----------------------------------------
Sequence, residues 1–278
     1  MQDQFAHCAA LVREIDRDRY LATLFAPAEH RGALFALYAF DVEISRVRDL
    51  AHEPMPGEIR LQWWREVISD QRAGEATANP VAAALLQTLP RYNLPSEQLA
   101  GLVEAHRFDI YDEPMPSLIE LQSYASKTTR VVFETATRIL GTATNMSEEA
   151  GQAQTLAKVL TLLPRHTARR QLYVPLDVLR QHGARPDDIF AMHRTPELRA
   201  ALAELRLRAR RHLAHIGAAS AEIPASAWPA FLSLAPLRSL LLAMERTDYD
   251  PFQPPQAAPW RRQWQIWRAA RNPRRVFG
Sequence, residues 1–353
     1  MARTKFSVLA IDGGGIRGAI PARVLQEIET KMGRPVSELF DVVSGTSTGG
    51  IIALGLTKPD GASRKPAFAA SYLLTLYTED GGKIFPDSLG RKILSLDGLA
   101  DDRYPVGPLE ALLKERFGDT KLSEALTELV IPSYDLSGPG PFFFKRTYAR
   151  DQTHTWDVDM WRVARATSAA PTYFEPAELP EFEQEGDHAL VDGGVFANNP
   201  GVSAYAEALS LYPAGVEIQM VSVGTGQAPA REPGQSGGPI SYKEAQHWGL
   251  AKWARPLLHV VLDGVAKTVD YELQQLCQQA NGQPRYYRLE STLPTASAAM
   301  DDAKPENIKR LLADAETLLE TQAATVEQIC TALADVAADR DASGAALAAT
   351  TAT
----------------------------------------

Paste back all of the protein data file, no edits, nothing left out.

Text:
Sequence, residues 1–278
     1  MQDQFAHCAA LVREIDRDRY LATLFAPAEH RGALFALYAF DVEISRVRDL
    51  AHEPMPGEIR LQWWREVISD QRAGEATANP VAAALLQTLP RYNLPSEQLA
   101  GLVEAHRFDI YDEPMPSLIE LQSYASKTTR VVFETATRIL GTATNMSEEA
   151  GQAQTLAKVL TLLPRHTARR QLYVPLDVLR QHGARPDDIF AMHRTPELRA
   201  ALAELRLRAR RHLAHIGAAS AEIPASAWPA FLSLAPLRSL LLAMERTDYD
   251  PFQPPQAAPW RRQWQIWRAA RNPRRVFG
Sequence, residues 1–353
     1  MARTKFSVLA IDGGGIRGAI PARVLQEIET KMGRPVSELF DVVSGTSTGG
    51  IIALGLTKPD GASRKPAFAA SYLLTLYTED GGKIFPDSLG RKILSLDGLA
   101  DDRYPVGPLE ALLKERFGDT KLSEALTELV IPSYDLSGPG PFFFKRTYAR
   151  DQTHTWDVDM WRVARATSAA PTYFEPAELP EFEQEGDHAL VDGGVFANNP
   201  GVSAYAEALS LYPAGVEIQM VSVGTGQAPA REPGQSGGPI SYKEAQHWGL
   251  AKWARPLLHV VLDGVAKTVD YELQQLCQQA NGQPRYYRLE STLPTASAAM
   301  DDAKPENIKR LLADAETLLE TQAATVEQIC TALADVAADR DASGAALAAT
   351  TAT